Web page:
Pan American Debt Outperforms on Cnooc Deal: Argentina Credit
Bonds of Pan American Energy LLC, Argentina’s biggest oil exporter, are beating debt issued by Latin American peers on speculation the company will bolster production after China’s Cnooc Ltd. takes control.
Pan American’s 7.875 percent bonds due in 2021 returned 11 percent since their May sale, compared with 3.8 percent for Credit Suisse Group AG’s Latin American energy index. Debt with similar maturity issued by Rio de Janeiro-based Petroleo Brasileiro SA and Petroleos Mexicanos of Mexico City returned 5.4 percent and 6.6 percent, respectively.
Barclays Plc says Pan American’s yields relative to U.S. swap rates will narrow as much as 30 basis points from 377 basis points as Cnooc completes the acquisition. State-controlled China National Offshore Oil Corp. and its unit Cnooc have spent more than $4 billion this year on oil and gas assets in Argentina and North America to meet demand from China, the world’s fastest-growing major economy. Cnooc and Argentina’s Bulgheroni family agreed on Nov. 28 to buy the 60 percent of Pan American they didn’t already own.
“Pan American is a great asset, it never defaulted during the crisis and I think it will continue to be a very good operation,” Ruth Mazzoni, a corporate bond analyst at Standard Bank in New York, said in a telephone interview. “The greatest benefit to Pan American is that its access to financing is going to be greatly enhanced.”
Pan American is rated Ba1 by Moody’s Investors Service, one level below investment grade. Pemex and Petrobras are rated Baa1, the third-lowest investment grade. Cnooc is rated Aa3, seven levels above Pan American.
The average yield of Argentine government bonds is 9.1 percent, or 210 points above debt for Buenos Aires-based Pan American.
The yield on Pan American debt relative to U.S. Treasuries will narrow as much as 90 basis points in “the near term,” said Mazzoni, without being more specific. A basis point is 0.01 percentage point. Juan Cruz, a corporate bond analyst with Barclays in New York, said in a report dated Dec. 7 that yields will further compress relative to U.S. swaps.
Bridas Corp., the oil company owned by Cnooc and the Bulgheroni family, will pay BP Plc $7.06 billion for Pan American. The transaction may be completed by the first half of 2011 and allows the Beijing-based company to expand oil resources as demand surges in China.
Pan American, the second-largest Argentine oil producer behind Repsol-YPF SA, controls about 18 percent of the market, produced 993 million barrels of oil in 2009 and has interests in 11 production and 13 exploration blocks in Argentina, Bolivia and Chile, according to its website.
Pan American’s yields have fallen 30 basis points to 7.01 percent since Sept. 22, when Citigroup Inc. issued a report saying Cnooc was interested in purchasing the company.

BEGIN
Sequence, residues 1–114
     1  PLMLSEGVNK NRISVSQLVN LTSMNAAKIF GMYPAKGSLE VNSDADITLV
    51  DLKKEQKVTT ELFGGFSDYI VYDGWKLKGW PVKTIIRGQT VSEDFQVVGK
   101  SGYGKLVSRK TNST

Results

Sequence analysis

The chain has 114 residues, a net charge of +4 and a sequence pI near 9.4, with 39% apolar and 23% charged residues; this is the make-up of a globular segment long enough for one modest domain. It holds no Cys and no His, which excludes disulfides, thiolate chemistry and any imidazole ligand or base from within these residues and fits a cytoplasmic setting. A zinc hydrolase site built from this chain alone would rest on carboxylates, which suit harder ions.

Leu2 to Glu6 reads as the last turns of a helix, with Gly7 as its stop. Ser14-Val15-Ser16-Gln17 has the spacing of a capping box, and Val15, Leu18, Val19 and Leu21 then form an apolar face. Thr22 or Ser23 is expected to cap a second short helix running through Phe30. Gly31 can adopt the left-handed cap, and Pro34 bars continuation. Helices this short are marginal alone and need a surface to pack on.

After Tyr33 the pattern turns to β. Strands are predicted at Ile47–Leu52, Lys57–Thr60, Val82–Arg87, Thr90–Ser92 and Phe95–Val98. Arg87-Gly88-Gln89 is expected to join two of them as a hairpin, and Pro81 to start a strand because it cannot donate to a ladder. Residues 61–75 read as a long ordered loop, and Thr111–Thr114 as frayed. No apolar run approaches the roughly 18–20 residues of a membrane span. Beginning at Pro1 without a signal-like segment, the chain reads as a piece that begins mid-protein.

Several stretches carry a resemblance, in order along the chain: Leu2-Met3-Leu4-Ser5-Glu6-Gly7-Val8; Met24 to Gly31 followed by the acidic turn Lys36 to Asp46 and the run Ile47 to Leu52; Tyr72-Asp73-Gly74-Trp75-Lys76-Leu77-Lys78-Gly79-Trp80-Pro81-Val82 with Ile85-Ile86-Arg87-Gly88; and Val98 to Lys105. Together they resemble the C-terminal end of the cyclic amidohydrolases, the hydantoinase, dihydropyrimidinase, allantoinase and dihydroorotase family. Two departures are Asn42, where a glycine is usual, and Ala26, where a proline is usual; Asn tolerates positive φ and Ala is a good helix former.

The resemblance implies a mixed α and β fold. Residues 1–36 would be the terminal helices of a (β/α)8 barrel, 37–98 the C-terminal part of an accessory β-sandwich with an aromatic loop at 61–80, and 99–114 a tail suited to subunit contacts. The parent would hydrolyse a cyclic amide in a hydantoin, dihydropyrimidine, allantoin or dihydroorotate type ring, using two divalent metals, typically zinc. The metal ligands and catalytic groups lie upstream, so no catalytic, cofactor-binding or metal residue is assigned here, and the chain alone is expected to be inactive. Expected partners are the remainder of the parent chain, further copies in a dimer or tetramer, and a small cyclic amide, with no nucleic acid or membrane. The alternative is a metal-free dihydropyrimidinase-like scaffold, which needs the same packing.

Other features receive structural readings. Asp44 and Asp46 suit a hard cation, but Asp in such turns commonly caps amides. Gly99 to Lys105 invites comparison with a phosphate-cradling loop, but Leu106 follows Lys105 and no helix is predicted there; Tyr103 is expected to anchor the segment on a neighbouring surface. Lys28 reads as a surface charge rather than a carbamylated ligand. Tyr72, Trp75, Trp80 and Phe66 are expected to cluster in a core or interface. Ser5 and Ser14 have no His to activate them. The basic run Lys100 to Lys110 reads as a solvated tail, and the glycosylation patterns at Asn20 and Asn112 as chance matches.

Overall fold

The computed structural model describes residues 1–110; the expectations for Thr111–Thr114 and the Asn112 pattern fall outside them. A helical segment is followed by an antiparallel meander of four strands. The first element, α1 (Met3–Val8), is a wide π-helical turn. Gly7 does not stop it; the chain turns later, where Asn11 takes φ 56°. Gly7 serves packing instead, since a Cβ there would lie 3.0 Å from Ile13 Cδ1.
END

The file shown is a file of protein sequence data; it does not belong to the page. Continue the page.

With Cnooc, Pan American gains a “new partner with fresh capital and solid financials” in contrast to London-based BP, said Lucas Lainez, an analyst at brokerage Puente Hnos Sociedad de Bolsa SA in Buenos Aires, in an e-mailed response to questions.
BP is selling assets to pay for cleanup and compensation after the biggest oil spill in U.S. history. The company aims to divest as much as $30 billion in assets by the end of next year to shore up its finances, according to BP’s website.
Pan American had 1.54 billion barrels of proven reserves, which may last about 16 years, Neil Beveridge, a Hong Kong-based analyst at Sanford C. Bernstein & Co., said in an interview after the transaction was announced.
“Cnooc’s entrance was definitely read as a positive,” Mariano Kruskevich, an analyst at SBS Sociedad de Bolsa SA, a brokerage in Buenos Aires, said in an e-mailed response to questions. “There is the possibility of greater investments in exploration and production.”
The extra yield investors demand to hold Argentine dollar bonds instead of U.S. Treasuries narrowed 11 basis points to 503 at 5:53 p.m. New York time, according to JPMorgan Chase & Co.
Warrants linked to economic growth rose 0.16 cent to 14.43 cents, according to data compiled by Bloomberg. The peso was little changed at 3.9753 per U.S. dollar.
The cost of protecting Argentine bonds against non-payment for five years with credit-default swaps fell 13 basis points to 618, according to data compiled by CMA. Credit-default swaps pay the buyer face value in exchange for the underlying securities or the cash equivalent should a government or company fail to adhere to its debt agreements.
The disparity in the credit ratings between Cnooc and Pan American doesn’t mean the Latin American company’s debt will be guaranteed by its parent, Gretchen French, an analyst at Moody’s in New York, said in a telephone interview.
“You’re looking at an investment by Cnooc in an asset where they’re putting in quite a bit of equity, so it’s their call if they want to protect that investment,” French said.
Bonds issued by Petrobras, Brazil’s state-controlled oil company, are lagging behind Pan American and Latin American energy companies on plans to increase debt by as much as 60 percent to $107 billion over the next four years to finance the biggest investment plan in the oil industry.
Pemex, as Mexico’s state-owned oil company is known, is underperforming as its debt may rise to a record $56 billion next year to stem output declines. Pemex plans to raise as much as $10 billion next year through bank loans or bond sales in domestic and international markets, Chief Financial Officer Carlos Trevino said Dec. 15 in an interview in Mexico City.
Pan American’s link with Cnooc now makes the oil producer attractive, Lainez said.
“It’s positive for the company to have a Chinese partner in terms of future expansion because it will facilitate a more intense penetration in Asian markets at a time when the region is growing,” said Lainez.
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